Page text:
A few weeks ago I was interviewed by the Australian Broadcasting Corporation for an hour-long Encounter special on Horror and the Sacred. The main question that I and the other authors on the program were given to grapple with was: Why horror?
It’s a terrific question. Why are people — especially, I find, religious people — fascinated by supernatural horror? As the show’s teaser puts it:
From the legends of Frankenstein and Dracula to films about zombies, witches and vampires, supernatural horror has always captured the popular imagination. Fictional horror scares us because it confronts us with our deepest fears about death and the unknown. It make us tremble, but it also acts as a catharsis. So it’s no wonder then that the horror genre often intersects with religion.
In the genre of horror we are working out our deepest anxieties. Vampires, zombies, and the like are stand-ins for our other fears, the ones we can’t talk about. That means fear of death, of course — but even worse, of being a living corpse who drains those we love.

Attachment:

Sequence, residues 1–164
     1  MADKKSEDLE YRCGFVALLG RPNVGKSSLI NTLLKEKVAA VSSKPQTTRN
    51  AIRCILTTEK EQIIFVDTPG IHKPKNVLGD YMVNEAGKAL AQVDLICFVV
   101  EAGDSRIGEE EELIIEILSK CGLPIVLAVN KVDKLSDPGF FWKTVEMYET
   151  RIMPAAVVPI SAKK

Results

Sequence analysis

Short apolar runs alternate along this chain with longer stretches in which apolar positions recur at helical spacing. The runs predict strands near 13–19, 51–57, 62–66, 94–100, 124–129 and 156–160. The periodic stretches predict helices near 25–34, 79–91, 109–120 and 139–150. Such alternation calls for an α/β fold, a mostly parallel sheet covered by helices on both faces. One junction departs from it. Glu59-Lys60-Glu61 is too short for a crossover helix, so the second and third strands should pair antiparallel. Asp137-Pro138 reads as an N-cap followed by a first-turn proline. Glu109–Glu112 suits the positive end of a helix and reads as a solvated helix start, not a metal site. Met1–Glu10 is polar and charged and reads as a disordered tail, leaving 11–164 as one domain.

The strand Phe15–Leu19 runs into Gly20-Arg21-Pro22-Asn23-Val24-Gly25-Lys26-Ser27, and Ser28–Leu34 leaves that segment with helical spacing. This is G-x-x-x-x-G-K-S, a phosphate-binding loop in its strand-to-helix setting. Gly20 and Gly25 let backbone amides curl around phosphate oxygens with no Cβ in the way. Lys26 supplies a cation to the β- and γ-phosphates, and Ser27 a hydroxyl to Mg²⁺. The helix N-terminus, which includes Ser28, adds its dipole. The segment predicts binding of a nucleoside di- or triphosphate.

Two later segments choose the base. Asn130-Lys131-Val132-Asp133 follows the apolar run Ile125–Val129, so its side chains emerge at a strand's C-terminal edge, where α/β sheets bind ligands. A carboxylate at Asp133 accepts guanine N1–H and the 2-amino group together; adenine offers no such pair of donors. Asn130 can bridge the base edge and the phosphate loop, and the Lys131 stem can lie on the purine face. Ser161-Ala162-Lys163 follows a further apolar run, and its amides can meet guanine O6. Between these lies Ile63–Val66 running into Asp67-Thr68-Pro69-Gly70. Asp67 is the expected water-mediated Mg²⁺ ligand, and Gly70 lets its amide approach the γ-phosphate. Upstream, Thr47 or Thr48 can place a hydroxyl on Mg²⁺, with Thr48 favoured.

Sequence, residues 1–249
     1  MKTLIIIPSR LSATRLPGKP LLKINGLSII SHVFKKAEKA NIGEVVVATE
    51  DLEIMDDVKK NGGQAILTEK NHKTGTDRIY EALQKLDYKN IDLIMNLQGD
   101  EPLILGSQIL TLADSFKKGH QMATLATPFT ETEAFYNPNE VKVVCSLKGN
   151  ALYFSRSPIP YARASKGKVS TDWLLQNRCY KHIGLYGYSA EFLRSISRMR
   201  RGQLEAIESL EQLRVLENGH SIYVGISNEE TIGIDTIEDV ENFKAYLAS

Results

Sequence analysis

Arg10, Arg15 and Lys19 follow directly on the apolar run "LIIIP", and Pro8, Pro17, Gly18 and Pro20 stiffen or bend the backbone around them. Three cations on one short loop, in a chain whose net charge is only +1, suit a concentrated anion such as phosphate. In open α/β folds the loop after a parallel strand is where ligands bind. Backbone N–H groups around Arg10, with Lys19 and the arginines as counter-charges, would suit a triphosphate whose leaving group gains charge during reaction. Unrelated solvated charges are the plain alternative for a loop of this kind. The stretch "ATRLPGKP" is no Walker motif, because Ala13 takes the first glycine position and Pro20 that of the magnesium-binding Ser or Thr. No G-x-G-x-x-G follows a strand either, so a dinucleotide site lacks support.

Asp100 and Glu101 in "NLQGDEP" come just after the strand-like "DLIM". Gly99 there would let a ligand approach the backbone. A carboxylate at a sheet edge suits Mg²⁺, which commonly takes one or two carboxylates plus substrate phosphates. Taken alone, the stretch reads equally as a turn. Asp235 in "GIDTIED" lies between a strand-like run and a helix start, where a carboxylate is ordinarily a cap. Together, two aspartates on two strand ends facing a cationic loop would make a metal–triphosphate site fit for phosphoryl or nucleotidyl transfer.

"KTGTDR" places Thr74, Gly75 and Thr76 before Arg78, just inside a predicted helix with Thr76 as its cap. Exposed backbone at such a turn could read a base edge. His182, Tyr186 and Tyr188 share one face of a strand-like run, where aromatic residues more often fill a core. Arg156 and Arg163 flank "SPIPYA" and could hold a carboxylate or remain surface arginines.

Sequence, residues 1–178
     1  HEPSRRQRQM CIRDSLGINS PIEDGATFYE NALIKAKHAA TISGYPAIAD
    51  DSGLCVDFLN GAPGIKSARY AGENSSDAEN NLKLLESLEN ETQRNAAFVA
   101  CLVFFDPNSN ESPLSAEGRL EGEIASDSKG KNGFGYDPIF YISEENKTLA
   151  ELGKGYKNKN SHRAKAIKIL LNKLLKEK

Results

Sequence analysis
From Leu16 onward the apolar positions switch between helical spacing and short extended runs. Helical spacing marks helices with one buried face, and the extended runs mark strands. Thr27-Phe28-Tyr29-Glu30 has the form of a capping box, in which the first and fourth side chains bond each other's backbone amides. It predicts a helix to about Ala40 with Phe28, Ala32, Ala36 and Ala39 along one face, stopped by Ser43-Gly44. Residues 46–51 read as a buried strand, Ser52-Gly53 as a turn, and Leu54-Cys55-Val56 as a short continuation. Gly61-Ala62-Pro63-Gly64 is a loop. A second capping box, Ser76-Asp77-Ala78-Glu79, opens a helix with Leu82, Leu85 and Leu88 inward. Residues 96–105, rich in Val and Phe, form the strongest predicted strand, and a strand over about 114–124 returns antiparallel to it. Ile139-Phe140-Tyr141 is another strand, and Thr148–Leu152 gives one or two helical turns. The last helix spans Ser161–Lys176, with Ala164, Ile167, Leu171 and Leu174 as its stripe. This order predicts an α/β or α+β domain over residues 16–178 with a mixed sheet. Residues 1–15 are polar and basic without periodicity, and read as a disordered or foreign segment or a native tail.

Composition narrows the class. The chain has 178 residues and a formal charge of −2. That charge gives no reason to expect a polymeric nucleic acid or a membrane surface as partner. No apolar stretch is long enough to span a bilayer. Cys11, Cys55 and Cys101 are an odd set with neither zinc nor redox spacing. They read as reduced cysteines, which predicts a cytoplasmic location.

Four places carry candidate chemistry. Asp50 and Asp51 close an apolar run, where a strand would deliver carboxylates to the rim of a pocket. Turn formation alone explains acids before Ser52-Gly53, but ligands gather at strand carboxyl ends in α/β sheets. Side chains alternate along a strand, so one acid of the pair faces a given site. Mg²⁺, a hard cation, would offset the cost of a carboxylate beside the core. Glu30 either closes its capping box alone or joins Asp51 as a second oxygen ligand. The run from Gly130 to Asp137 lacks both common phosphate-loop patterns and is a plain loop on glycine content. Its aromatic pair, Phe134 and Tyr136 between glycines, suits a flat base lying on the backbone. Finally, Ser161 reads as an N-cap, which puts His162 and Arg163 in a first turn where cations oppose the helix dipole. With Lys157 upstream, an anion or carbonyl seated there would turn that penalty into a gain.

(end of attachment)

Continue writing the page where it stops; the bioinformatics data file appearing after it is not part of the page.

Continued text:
I’m not sure if this comment made it into the final cut, but I remember talking about the last few years’ cultural shift from a fascination with vampires to one with zombies. I heard on NPR this winter (on Marketplace Money, of all places) that our current obsession with zombies has a good deal to do with our feelings of cultural disconnectedness. Zombies travel in packs, but they’re not able to connect — something the main character of this year’s charming Zom Rom Com Warm Bodies puts very well in his opening monologue.
What am I doing with my life? I just wanna connect. Why can’t I connect with people?
Oh right, it’s cause I’m dead.
I hope you enjoy the interview on the intersection of faith and horror.